IN PHOTOS: A Look Inside Jewish Marakech

Marakech, with it tiny Jewish population, is a welcoming city for Jewish visitors with over 30,000 a year coming from Israel, many of them on heritage trips.

Harry D. Wall and Jewish Discoveries
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Restaurant Maison Arabe, Marakech.
Restaurant Maison Arabe, Marakech.Credit: Richard Nowitz
Harry D. Wall and Jewish Discoveries

Searching for Jewish heritage in Marakech, once the heartland of Moroccan Jewish life, can be challenging. The Mellah, or the walled district housing the old Jewish quarter, where Jews thousands of Jews once lived, is now empty of Jewish life and run-down.  

Where there were 30 synaoguges and yeshivot, today only one remains active, the Lazama synagogue.  With a courtyard and blue tiled walls, the 15th Cenury synagogue is typical of the Sephardic architecture, the last vestige of the large influx of Jews from Spain.  Outside, it is undifferentiated and not easily found - its entrance is unmarked.  But it does draw its share of tourists and religious travelers. 

If not in architecture and buildings, Jewish presence can be felt in Marakech's bustling souks, once filled by Jewish merchants and where you can still find Judaica in many shops. It is also represented in the cuisine of Morocco, dominated by tagines, couscous and pastries. Jews first arrived in the nearby Atlas mountains over two millenia ago, possibly Israelites fleeing persecution and later as traders on the caravan routes. Jews and Berber tribes coexisted for centuries in the region. The mountains are dotted with sites where Jewish sages once dwelled.

Home of Rabbi Salomon Bel-Hench. Photo by Richard Nowitz

In the Ourika Valley village of Aghbalou, about a 30-minute drive, is the 500 year-old tomb of Solomon Bel-Hench, revered chief rabbi of Marakech. The site, a courtyard  with private houses and a preserved small synagouge, overlooks a river to Berber villages on the moutainside. Thousands of visitors, mostly Israeli and French Jews of Moroccan origin, visit the tomb annually, paying tribute to the ancient sage. 

Tagine, Rial al-Moussika, Marakech. Photo by Richard Nowitz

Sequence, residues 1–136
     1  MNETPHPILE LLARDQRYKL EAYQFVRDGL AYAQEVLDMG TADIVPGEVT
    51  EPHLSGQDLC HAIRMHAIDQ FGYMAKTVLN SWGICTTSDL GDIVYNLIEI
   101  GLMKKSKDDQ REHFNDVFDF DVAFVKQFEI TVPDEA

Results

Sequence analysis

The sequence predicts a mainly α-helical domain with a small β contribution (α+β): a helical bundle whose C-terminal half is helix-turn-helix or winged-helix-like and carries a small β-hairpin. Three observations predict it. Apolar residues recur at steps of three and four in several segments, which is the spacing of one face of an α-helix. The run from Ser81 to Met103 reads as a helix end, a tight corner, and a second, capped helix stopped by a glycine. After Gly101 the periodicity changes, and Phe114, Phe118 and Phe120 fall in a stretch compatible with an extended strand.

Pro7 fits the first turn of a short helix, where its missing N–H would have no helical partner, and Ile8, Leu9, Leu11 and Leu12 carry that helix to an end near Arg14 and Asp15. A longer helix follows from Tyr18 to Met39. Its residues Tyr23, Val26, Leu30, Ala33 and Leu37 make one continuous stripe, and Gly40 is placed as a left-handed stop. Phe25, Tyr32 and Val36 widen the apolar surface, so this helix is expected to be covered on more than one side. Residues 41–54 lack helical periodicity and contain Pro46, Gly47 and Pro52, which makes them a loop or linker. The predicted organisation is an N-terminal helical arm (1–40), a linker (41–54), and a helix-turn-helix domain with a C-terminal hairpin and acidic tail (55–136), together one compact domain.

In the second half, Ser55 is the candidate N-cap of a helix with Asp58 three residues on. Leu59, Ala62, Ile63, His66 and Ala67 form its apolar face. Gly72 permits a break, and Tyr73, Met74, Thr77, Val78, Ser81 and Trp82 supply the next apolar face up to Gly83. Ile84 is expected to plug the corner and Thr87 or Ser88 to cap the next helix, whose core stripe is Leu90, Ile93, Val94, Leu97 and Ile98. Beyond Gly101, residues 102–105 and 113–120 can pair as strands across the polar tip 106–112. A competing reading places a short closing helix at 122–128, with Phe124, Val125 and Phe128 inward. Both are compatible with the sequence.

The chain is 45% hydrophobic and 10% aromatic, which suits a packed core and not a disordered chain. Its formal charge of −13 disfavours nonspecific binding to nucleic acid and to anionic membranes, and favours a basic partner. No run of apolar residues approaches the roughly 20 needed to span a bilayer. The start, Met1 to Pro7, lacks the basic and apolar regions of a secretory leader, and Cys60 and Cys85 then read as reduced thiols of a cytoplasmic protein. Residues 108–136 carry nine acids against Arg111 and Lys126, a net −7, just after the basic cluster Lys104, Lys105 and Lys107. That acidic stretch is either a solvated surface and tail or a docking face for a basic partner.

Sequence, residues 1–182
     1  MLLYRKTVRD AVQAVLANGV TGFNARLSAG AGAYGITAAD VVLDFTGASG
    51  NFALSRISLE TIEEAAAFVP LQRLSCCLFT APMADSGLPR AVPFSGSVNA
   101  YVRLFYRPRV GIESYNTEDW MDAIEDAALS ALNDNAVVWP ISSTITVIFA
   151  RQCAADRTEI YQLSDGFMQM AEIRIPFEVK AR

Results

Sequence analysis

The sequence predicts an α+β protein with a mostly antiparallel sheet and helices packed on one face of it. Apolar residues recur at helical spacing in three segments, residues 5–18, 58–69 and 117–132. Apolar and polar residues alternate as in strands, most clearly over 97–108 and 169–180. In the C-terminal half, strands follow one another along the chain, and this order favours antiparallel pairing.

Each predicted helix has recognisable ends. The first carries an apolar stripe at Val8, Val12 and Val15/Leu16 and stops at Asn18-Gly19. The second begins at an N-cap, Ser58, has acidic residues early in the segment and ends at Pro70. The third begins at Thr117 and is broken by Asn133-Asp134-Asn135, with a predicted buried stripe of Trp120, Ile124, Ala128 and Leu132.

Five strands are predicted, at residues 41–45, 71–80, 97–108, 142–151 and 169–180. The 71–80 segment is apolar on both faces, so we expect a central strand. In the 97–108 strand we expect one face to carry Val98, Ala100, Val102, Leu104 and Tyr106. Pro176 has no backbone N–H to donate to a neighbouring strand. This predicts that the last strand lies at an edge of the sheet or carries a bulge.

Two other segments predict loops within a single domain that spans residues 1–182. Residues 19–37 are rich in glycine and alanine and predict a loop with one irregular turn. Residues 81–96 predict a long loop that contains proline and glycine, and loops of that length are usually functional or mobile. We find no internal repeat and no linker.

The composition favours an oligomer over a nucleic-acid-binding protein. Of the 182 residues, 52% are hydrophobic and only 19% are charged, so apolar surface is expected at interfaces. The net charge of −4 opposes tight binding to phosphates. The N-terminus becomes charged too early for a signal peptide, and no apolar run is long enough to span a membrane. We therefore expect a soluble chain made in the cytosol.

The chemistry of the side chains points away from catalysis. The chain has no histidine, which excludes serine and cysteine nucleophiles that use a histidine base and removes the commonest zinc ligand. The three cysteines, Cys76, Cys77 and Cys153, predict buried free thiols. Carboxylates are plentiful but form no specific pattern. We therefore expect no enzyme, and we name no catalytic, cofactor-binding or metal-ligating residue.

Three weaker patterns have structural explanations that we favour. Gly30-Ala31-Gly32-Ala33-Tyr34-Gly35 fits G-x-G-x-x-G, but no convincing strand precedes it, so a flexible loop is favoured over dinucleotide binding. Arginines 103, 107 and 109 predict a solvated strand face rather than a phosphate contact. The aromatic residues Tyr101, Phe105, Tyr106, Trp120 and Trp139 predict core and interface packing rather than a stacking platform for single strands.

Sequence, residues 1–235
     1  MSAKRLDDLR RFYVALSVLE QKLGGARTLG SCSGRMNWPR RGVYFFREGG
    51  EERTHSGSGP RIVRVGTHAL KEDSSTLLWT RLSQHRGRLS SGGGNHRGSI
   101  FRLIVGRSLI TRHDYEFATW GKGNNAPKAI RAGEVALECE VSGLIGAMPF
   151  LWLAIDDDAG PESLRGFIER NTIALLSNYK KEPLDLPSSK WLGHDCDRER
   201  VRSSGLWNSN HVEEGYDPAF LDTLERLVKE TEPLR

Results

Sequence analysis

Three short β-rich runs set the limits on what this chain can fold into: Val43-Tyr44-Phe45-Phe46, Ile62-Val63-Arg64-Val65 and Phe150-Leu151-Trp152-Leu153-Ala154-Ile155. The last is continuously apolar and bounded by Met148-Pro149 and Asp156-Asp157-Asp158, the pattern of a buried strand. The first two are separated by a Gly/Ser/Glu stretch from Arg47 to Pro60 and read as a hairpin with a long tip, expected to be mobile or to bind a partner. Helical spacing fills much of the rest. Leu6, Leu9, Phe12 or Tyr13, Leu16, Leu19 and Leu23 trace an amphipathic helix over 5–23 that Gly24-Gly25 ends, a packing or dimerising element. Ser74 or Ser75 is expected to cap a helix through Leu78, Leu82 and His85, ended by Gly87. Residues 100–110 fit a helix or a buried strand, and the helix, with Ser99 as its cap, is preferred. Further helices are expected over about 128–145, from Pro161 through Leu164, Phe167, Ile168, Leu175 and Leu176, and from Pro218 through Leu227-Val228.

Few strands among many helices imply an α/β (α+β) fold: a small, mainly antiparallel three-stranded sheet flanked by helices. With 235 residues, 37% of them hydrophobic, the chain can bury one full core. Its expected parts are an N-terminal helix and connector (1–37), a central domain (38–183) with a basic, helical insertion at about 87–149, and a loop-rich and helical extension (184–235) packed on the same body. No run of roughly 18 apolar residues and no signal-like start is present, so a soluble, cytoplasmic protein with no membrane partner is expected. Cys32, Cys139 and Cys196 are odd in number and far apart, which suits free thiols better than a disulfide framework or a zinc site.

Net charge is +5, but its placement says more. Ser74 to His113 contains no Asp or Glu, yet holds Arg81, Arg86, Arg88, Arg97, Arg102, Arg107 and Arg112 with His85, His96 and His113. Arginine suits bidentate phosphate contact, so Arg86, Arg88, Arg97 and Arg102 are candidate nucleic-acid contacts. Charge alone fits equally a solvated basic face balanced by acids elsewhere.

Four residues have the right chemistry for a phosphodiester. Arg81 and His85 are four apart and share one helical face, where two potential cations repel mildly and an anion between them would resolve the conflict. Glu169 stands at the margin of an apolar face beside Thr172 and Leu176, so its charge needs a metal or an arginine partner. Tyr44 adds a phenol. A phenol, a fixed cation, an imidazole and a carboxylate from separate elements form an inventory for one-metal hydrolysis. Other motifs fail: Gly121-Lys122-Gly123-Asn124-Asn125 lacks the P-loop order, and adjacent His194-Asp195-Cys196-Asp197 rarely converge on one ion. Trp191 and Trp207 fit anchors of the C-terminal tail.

The local Jewish community, numbering about 400 members, holds services at the Beth-El synagogue outside the walled city. Though the community is very small, it is much respected, along with the others in Morocco. "Jews live in Marakech in harmony with our neighbors," says Henri Assouline, Vice President of the Jewish Communities of Marakech and Essouria. "This is a very tolerant society, with a royal family that has led the path to coexistence". 

Henri Assouline, Vice President, Jewish Community of Marakech. Photo by Richard Nowitz 

Indeed, with the intertwining of Jewish and Berber culture over the centuries, Marakech, with it tiny Jewish population, is a welcoming city for Jewish visitors. Over 30,000 a year journey from Israel, many of them on heritage trips. 

The best food in Marakech is to be found in the riads, the traditional Moroccan house with an interior courtyard. Over 900 in the city have been converted into boutique hotels, many in the medina, the walled city with its maze of narrow streets.  Maison Arabe, the first riad in Marakech, with dining around the tiled  pool, offering a selection of sumptous tagines, pastillas, and couscous. It also offers a 'shuk to cook' culinary class.

Tomb of Rabbi Salomon Ben-Hench. Photo by Richard Nowitz 

Another, Riad al Moussika, Another is Riad al Moussika, the former home of the Pasha of Marakech. Its several rooms overlooking the courtyard are artisanally crafted. Its gourmet restaurant, surrounding an Andalusian pool, serves  a selection of traditional and nouvelle Moroccan cuisine. While these hotel/restaurants aren't for the kosher-minded, there are ample options for fish, Moroccan salads and vegeterian dishes 


Contact, Jewish Community of Marakech and Essouria.  

Beit El Synagogue Tel. +212 524 44 87 54